The Strategist

Statoil halved gasoline production at its biggest refinery

12/27/2016 - 14:55

Production of gasoline and diesel fuel at Mongstad, the largest oil refinery of Norwegian group Statoil, has decreased by 50% due to a leak of refinery products occurred in November.

A broken pipe, located at an altitude of 50 meters, has not yet been replaced because of strong winds, blowing on the west coast of the country in recent weeks.

The company still has not officially informed the market about the state of emergency and partial stop of work at the refinery. Statoil’s spokeswoman Elin Isaksen confirmed to journalists of Dagens Naeringsliv that one of facilities at the old refinery is not currently working.

She noted that the present situation "is affecting a significant portion of production" and "means significant financial losses" for the company. However, she refused to go into details.

On October 25, there was another emergency at the refinery. The facility’s staff was evacuated due to a hydrogen leak, but explosion of gas was prevented in time. Currently, the incident is being investigated causes of the incident. Statoil itself admits it was quite serious.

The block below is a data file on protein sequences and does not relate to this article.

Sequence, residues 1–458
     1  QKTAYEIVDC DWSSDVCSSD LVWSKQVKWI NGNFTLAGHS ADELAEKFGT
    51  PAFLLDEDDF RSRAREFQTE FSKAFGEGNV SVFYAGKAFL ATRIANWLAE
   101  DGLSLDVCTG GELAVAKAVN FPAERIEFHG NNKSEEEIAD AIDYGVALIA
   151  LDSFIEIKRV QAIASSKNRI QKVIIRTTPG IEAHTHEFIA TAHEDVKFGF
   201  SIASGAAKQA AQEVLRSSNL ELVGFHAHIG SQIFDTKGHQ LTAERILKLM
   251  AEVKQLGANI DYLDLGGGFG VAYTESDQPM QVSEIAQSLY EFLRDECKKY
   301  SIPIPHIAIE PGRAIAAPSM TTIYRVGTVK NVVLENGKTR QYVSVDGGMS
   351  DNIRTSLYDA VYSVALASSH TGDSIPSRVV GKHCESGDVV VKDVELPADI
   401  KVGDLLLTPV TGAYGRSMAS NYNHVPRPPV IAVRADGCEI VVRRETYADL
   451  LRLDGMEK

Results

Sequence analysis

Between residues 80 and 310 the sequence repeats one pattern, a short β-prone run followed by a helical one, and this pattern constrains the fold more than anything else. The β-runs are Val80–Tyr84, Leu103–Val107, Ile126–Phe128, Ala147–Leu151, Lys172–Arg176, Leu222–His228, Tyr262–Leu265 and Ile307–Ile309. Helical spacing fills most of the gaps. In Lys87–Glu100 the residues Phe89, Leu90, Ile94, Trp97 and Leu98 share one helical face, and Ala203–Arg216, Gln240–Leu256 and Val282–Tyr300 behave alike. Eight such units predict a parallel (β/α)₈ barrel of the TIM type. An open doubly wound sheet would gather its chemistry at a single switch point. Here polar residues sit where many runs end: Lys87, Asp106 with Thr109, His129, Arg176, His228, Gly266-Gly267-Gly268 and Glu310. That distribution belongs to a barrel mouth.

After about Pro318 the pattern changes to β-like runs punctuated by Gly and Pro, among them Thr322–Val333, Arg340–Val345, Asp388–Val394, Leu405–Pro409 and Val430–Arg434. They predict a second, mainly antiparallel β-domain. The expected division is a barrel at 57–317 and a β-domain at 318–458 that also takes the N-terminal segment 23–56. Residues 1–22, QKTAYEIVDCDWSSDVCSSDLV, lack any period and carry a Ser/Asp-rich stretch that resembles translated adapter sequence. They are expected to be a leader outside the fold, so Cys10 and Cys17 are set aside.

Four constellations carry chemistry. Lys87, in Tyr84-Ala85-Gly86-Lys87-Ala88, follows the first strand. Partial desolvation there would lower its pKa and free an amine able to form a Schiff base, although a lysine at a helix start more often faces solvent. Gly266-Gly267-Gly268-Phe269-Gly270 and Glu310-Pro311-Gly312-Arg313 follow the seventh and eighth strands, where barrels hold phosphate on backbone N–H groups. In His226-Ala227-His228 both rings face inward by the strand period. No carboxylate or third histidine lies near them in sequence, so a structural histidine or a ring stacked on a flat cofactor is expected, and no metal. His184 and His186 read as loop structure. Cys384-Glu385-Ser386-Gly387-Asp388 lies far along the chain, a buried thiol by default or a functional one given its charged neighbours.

Jan Eirik Feste, director of local department of labor union, told Dagens Naeringsliv that Mongstad began to bring considerable income after the fall in prices for hydrocarbons (344 million kroons in profit before tax in 2015). Currently, it is being used too actively, and safety issues are given inadequate attention.

Currently, Statoil is shifting its focus from oil to wind power. This is a significant event for the entire industry.

Recently, the company sold a key project in the oil sands of Kai Kos Dehseh (KKD) in the Canadian province of Alberta. The assets were sold to Athabasca Oil. According to The Wall Street Journal, about two years ago the company canceled plans to develop a major project on the oil sands because of concerns about its profitability. Instead, Statoil is going to start construction of a large wind farm off the coast of New York.

Sale of KKD means that Statoil will get rid of all of its oil sands, which have just recently been considered a promising direction of long-term development of the oil industry. At the same time, Statoil will lose $ 500- $ 550 million from this sale, though the company is ready to abandon oil production in the region in favor of wind power.

Statoil is a Norwegian oil and gas company, which daily produces about 1.8 million barrels of oil equivalent - about 5.5% of the daily world crude oil production. However, the company's net loss in the III quarter of 2016 grew at an annual terms by 24%, to $ 427 million.